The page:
‘Total incompetence’ led to payoff for outgoing health board boss being doubled
A former NHS Tayside boss was given double the payoff she was entitled to because of the “total incompetence” of the assistant chief executive, MSPs have learned.
A settlement payment of more than £64,000 to former chief executive Lesley McLay was in lieu of six months’ notice, despite only having three in her contract.
The payoff came under intense scrutiny at the Scottish Parliament’s audit committee, where Scotland’s auditor general gave evidence about the struggling health board.
Addressing MSPs, Caroline Gardner (pictured) said: “There was real confusion in the advice given to the acting chief executive and chair about the notice period which was relevant to the former chief executive.
“Her contract clearly stated that she was on three months’ notice.”
She explained that, because of advice from the health board’s assistant chief executive, Ms McLay was awarded six months’ cash and her contract amended months after she had left the role.
“My report identifies that the person providing advice (about the severance pay) to the interim chief executive and interim chair was the assistant chief executive,” she said.
Assistant chief executive and strategic director of workforce at NHS Tayside Dr Annie Ingram – who is still in the post – was unable to justify the decision, according to auditors.
Ms Gardner revealed three other Scottish NHS board bosses have three-month notice periods and said: “The assistant chief executive wasn’t able to provide the auditor with evidence for why she believed the notice period be six months rather than three months.”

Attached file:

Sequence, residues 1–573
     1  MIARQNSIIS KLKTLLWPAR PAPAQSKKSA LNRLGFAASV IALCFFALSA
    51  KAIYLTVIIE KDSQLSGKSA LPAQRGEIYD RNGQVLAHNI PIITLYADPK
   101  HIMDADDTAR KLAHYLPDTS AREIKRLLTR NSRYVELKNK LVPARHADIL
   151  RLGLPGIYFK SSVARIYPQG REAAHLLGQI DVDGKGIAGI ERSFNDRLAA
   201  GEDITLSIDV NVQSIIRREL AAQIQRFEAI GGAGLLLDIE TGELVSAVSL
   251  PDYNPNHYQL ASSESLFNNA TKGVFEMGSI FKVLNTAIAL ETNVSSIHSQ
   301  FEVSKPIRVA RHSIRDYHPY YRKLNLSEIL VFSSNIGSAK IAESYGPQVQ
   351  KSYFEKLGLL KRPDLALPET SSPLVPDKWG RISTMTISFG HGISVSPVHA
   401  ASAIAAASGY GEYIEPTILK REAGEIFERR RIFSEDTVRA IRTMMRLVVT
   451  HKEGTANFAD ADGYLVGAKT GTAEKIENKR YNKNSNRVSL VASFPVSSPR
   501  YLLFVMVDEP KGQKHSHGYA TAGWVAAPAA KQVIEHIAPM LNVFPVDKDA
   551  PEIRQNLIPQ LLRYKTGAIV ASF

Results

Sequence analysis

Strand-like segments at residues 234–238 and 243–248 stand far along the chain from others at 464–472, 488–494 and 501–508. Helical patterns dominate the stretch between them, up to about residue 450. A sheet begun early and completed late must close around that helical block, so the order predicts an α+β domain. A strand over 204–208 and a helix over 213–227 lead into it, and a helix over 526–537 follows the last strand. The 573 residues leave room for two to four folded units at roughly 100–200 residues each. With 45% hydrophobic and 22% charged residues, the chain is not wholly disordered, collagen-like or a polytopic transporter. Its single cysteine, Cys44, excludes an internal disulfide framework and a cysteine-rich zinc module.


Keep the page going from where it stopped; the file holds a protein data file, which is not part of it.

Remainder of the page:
Former health secretary Alex Neil was incredulous at the auditor general’s suggestion the payoff was due to “a misunderstanding”.
Mr Neil said: “The director of workforce – supposed to be the person who is the professional in relation to contracts and employment.
“It’s not just confusion, it’s total incompetence if she changes the period of the contract and doesn’t even check.”
He added: “Is it not time we introduced some sanctions for such poor governance, because the poor taxpayer is picking up the tab every time for this and they are fed up to the back teeth with people on film-star salaries getting film-star severance payments and particularly where it would appear they’re not even entitled to it?”
The auditor general gave evidence following her report warning urgent action is needed to tackle the worsening performance and financial problems at NHS Tayside.
The health board achieved just seven out of 20 national standards in March 2018 – down from from nine the previous year.
It is also facing a potential budget deficit of £18.7 million for 2018-19 despite receiving £50.2 million of Scottish Government brokerage loans in the last six years.
The Scottish Government was forced to intervene in the running of the board earlier this year after it emerged cash from public donations had been used to fund new technology.
Health Secretary Jeane Freeman’s announcement that outstanding loans to NHS boards will be written off at the end of the year “reduces the pressure” on the board but “does not address the underlying financial problems”, Ms Gardner said.
Previous reports by the spending watchdog have “highlighted the expensive operating model in NHS Tayside compared to other NHS boards”, with this described as a “main contributory factor” to its financial difficulties.
Copyright (c) Press Association Ltd. 2018, All Rights Reserved. Picture (c) Scottish Parliament / PA Wire.